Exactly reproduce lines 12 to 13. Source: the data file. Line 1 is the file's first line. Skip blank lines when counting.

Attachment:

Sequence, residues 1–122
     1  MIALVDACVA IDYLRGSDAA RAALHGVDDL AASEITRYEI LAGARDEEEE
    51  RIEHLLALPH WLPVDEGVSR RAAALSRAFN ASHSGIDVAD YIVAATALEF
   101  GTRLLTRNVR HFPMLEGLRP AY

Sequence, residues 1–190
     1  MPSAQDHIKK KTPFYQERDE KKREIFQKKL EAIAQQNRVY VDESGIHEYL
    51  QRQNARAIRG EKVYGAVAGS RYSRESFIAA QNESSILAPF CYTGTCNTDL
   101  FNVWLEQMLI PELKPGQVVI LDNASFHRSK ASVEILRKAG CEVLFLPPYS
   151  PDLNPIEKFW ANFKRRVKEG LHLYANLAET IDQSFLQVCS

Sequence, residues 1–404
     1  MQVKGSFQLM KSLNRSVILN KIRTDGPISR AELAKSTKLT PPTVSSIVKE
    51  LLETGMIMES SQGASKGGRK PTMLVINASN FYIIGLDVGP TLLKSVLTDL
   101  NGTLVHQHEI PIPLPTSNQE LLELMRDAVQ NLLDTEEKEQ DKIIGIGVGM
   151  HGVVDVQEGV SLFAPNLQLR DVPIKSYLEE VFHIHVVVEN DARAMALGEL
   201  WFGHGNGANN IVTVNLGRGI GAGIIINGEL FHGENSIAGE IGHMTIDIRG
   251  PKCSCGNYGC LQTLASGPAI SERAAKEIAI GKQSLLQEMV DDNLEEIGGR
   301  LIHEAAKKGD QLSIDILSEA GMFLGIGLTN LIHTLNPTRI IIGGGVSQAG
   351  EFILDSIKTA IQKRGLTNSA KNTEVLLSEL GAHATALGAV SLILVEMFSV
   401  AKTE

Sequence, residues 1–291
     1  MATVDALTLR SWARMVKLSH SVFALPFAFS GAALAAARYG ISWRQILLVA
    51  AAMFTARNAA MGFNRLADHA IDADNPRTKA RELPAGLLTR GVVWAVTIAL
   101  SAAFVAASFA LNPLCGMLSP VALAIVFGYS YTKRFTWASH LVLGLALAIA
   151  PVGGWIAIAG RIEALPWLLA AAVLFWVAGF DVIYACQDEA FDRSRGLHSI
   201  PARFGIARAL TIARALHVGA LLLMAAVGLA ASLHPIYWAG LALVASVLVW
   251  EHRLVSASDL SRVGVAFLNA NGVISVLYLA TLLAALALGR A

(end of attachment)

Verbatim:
    51  LLETGMIMES SQGASKGGRK PTMLVINASN FYIIGLDVGP TLLKSVLTDL
   101  NGTLVHQHEI PIPLPTSNQE LLELMRDAVQ NLLDTEEKEQ DKIIGIGVGM